SEN. RICK JONES: Why Regulated Online Gambling Is Right for Michigan

Michigan’s legislature is considering a bill that would allow the Great Lake State to join a growing roster of states that have legalized online gaming.  Legislators would be right to ignore the scare tactics of legislation opponents, much of which, ironically, is funded and supported by gaming interests in Las Vegas.

For decades, the Department of Justice (DOJ) imposed a blanket ban of states legalizing online games of chance.  Thanks to pressure from states and some court cases, the DOJ in late 2010 reversed course and allowed states to make the determination themselves.  New Jersey, Delaware and Nevada were the first to legalize online gaming for their residents.

Opposition to the effort has been funded almost exclusively by Las Vegas billionaire and casino mogul Sheldon Adelson.  Mr. Adelson has funded an organization dedicated to fighting legalized online gaming.  A group called the Coalition to Stop Internet Gambling magically appeared.  Lobbyists, like former Democratic Senator Blanch Lincoln, were hired and poll-tested and focus group language were employed to restore the federal prohibition.

In Washington, DC and in state capitals across the nation, coalition representatives argue that legalized online gaming is a threat to your family and would turn your home into a casino.  The same thing is happening here.  In an article in the Detroit News, Dan Jarvis echoes these arguments claiming that the bill “turns all computers into casinos, all cell phones into slot machines and all iPads and tablets into poker tables.  The only thins that stands between our kids and one-click away from 24/7, 365 virtual casino isn’t an ID card but an Internet connection.”

Michigan’s legislature is considering a bill that would allow the Great Lake State to join a growing roster of states that have legalized online gaming.  Legislators would be right to ignore the scare tactics of legislation opponents, much of which, ironically, is funded and supported by gaming interests in Las Vegas.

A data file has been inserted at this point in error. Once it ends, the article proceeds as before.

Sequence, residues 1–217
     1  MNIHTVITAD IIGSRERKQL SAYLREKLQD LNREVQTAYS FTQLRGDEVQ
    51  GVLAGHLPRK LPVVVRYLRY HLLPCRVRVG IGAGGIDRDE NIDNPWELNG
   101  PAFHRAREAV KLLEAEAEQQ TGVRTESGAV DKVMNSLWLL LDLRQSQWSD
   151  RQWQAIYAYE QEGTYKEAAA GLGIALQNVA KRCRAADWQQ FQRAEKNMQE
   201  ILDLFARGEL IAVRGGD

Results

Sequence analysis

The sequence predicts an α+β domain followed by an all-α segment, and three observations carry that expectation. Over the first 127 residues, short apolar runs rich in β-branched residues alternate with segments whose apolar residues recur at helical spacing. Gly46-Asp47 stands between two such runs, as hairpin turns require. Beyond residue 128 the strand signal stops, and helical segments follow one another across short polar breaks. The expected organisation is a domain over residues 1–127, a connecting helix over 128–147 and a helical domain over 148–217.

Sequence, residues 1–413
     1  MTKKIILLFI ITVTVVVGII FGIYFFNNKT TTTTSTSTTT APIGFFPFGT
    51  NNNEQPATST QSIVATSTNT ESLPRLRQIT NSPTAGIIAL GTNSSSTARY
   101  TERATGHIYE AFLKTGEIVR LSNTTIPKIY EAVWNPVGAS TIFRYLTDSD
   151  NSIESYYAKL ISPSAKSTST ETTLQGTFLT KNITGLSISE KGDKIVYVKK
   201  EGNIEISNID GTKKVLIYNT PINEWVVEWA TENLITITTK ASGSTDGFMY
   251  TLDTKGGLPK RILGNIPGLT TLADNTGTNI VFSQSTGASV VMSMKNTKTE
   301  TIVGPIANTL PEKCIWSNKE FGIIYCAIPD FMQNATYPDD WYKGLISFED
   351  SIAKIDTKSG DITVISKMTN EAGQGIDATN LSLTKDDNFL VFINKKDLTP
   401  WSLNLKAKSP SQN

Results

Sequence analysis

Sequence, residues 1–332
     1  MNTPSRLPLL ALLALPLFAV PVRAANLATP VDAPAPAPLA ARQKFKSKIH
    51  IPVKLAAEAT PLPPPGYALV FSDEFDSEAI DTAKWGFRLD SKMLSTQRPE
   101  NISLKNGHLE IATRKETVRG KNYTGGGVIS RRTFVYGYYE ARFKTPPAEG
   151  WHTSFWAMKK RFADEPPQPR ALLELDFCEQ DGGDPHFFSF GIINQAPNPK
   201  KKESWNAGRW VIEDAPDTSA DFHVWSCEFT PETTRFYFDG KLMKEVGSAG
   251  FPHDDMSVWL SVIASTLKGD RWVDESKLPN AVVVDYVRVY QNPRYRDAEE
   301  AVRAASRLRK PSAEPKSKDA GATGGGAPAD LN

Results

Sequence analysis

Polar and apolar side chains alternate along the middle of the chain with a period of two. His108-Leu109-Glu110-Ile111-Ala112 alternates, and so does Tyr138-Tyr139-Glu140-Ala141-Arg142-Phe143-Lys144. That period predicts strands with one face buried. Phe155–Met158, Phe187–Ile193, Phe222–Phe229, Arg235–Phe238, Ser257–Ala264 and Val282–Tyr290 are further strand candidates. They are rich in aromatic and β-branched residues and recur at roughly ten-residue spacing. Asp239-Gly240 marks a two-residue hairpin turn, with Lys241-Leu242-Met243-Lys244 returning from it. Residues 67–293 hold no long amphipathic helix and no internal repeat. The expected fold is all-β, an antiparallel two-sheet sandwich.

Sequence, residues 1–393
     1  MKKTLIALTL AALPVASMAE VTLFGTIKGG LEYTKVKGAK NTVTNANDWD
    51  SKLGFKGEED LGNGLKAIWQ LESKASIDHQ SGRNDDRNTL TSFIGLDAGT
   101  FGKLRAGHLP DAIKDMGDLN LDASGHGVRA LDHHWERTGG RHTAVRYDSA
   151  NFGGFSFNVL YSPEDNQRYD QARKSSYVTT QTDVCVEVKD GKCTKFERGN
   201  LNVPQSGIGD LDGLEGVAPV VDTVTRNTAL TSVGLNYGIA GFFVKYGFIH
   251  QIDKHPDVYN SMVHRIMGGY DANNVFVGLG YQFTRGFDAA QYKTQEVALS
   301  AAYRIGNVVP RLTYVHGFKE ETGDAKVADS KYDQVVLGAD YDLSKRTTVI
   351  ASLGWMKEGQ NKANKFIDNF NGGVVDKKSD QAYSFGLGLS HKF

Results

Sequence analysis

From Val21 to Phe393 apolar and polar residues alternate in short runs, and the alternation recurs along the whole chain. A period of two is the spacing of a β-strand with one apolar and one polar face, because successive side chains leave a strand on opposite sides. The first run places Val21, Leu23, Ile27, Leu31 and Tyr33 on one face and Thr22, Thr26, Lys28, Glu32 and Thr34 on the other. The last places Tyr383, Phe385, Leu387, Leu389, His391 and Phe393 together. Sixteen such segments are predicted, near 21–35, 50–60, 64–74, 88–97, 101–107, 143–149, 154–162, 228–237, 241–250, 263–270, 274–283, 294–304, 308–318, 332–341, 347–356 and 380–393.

For decades, the Department of Justice (DOJ) imposed a blanket ban of states legalizing online games of chance.  Thanks to pressure from states and some court cases, the DOJ in late 2010 reversed course and allowed states to make the determination themselves.  New Jersey, Delaware and Nevada were the first to legalize online gaming for their residents.

Opposition to the effort has been funded almost exclusively by Las Vegas billionaire and casino mogul Sheldon Adelson.  Mr. Adelson has funded an organization dedicated to fighting legalized online gaming.  A group called the Coalition to Stop Internet Gambling magically appeared.  Lobbyists, like former Democratic Senator Blanch Lincoln, were hired and poll-tested and focus group language were employed to restore the federal prohibition.

In Washington, DC and in state capitals across the nation, coalition representatives argue that legalized online gaming is a threat to your family and would turn your home into a casino.  The same thing is happening here.  In an article in the Detroit News, Dan Jarvis echoes these arguments claiming that the bill “turns all computers into casinos, all cell phones into slot machines and all iPads and tablets into poker tables. The only thing that stands between our kids and one-click away from 24/7, 365 virtual casino isn’t an ID card but an Internet connection.”